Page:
My third law is not so much of a law as a principle and is about architectural modelling. Models are all about complexity simplification and communication and so architectural models should be based around differing levels of abstraction for simplification and views for communication. Thus my third law is
Large projects are best managed using a set of abstractions and views or Architectural Framework.
There are normally three levels of abstraction (conceptual, logical and physical) and a number of views (Business, Technology etc) dependant on the number of stakeholders in the project.
The abstractions provide complexity management and simplification, the views or perspectives provide a communication and collaboration structure.
I met the CEO of a multinational manufacturing company and he said that he thought of architecture as giving him a Rubik’s cube of his organisation; sets of independent elements with different perspectives at different levels of abstraction. This allowed him to switch elements in and out of his organisation at will rather than having one large and unchangeable mass. I thought this was an interesting perspective (sic) on the third law.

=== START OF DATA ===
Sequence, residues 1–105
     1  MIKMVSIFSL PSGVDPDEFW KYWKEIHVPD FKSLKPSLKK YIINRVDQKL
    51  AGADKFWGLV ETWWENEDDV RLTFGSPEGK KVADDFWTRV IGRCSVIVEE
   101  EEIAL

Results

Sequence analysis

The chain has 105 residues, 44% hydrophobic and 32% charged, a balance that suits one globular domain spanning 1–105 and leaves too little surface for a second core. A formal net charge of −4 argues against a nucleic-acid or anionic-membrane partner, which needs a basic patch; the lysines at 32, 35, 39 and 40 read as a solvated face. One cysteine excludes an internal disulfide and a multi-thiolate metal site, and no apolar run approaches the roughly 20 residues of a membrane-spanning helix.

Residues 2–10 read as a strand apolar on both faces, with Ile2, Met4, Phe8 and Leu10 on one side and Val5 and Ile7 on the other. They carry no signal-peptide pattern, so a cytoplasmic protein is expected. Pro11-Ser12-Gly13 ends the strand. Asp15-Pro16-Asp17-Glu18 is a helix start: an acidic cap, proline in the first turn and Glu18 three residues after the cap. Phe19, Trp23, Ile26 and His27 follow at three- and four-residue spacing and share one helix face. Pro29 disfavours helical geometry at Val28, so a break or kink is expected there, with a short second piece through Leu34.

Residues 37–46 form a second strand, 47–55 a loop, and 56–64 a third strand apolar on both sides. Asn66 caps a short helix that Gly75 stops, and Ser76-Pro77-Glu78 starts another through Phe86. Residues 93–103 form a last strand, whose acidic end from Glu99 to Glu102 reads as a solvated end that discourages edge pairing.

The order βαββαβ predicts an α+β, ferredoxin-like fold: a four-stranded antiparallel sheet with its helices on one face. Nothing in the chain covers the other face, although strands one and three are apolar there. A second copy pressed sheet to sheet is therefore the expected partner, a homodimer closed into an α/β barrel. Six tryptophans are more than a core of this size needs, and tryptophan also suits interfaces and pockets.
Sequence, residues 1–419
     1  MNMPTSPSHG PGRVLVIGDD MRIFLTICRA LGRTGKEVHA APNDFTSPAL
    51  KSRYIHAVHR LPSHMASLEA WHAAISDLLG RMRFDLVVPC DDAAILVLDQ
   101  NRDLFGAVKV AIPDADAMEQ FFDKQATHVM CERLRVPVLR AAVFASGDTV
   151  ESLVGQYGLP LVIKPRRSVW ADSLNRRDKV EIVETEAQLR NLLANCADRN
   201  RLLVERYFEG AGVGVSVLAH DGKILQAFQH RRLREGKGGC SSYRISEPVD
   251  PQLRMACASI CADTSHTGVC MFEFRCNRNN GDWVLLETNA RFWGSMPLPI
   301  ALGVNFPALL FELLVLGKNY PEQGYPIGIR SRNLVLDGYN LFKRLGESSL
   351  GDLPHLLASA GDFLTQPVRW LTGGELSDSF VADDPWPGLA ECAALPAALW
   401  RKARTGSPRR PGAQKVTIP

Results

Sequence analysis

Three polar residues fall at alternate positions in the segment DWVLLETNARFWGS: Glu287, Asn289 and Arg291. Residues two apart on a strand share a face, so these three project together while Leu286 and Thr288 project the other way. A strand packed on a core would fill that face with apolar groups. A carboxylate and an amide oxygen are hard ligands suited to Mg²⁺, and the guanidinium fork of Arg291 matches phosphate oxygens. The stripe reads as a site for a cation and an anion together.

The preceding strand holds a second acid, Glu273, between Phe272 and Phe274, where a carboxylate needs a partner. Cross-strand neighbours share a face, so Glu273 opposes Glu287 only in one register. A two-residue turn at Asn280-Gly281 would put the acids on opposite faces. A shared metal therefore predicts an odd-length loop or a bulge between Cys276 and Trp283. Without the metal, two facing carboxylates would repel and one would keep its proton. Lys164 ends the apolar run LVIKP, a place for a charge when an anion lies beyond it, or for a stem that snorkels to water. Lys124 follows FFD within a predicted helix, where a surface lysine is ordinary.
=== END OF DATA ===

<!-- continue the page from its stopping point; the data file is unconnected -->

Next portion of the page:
Some time ago I wrote a paper on this which, whilst old, is probably still valid. It had three levels of abstraction and 4 views (business, application, information and technology). If I was to rewrite this paper I would probably say that the number and type of views is variable and dependant on the number of users of the Framework.
There are a huge number of different frameworks such as Zachman, Meta groups model, PAG’s DADI, the module map, FEAF, TOGAF, TEAF etc. The key thing about all these frameworks is that they all are based on abstractions and views and so all meet the third law.
I think I’m all lawed out now!